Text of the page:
You need to know if the discounts you currently see are reflective of the market conditions. Do they accurately reflect the true price, at this point? If not, then it’s likely not worth the purchase.
What is the risk of waiting? That’s one of the simplest questions I pose when looking at opportunities. Let’s say we’re examining the price of a potential rental house. In some areas the risk of price appreciation is very high, even in this market, so you should buy as soon as you can (since the price will only go higher)! On the other hand, if there’s a high probability that prices will fall, then you should wait.
In uncertain times, your knowledge and experience in a specific market will help you determine the value of waiting. If you don’t have that experience then find someone you trust that does. It’s extremely complicated in the best of times to maximize the value of an opportunity. Using educated and well researched estimates can help you make these decisions. When looking at the current market for this house purchase, ask yourself, what’s the potential upside to waiting? The answer you’ve obtained - whether it’s worth buying now or not - will become a risk you take. But if you’re leaning strongly in favor of waiting, then listen to your analysis.
When you’re trying to take advantage of your fortunate situation, make sure to also find ways to help. Things like donations to shelters or food banks can go a long way during this troubling time. Even asking an at-risk neighbor if they need help getting groceries can do a lot of good.
But this sense of doing the right thing comes in the purchase process as well. Recently, I bought a second-hand camera from a family dealing with a health complication (unrelated to coronavirus). During the transaction, a number of accessories were added to the deal. When we priced in the accessories, they added a bulk discount I hadn’t asked for. Since I had already received an excellent deal on the camera, I decided to pay full price for the accessories (a more than nominal amount in the transaction).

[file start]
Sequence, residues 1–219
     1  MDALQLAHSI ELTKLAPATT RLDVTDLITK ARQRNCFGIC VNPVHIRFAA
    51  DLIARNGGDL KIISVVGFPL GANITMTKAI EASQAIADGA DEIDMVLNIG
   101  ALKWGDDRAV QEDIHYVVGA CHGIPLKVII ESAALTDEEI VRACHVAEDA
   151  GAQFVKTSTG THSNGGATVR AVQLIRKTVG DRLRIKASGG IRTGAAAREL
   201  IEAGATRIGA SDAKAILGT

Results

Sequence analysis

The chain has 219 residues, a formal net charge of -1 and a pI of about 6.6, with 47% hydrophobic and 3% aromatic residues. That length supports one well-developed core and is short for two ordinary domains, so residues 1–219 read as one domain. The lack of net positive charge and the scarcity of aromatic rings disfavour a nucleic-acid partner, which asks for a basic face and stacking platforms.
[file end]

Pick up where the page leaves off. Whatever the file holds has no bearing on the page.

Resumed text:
It’s not always about being a ruthless shark when seeking underpriced assets. You need to apply some humanity to the situation and allow everyone to feel they benefit. My goal wasn’t to provide charity, but rather serve as a respectful gesture, since they had already sold at a heavily discounted price. Who knows, maybe one day the seller and I will have another opportunity to trade, and I just made a reliable partner if it comes up again.
Be aware that around you, people are struggling. Some greatly. Use the discount in prices to obtain assets at an advantageous price tag. But you still want the purchase to be a two-way street, where both sides benefit. It’s not just good for the soul, but it could also benefit you in the future.
By Timm McLean, MBA |
CEO at WLTH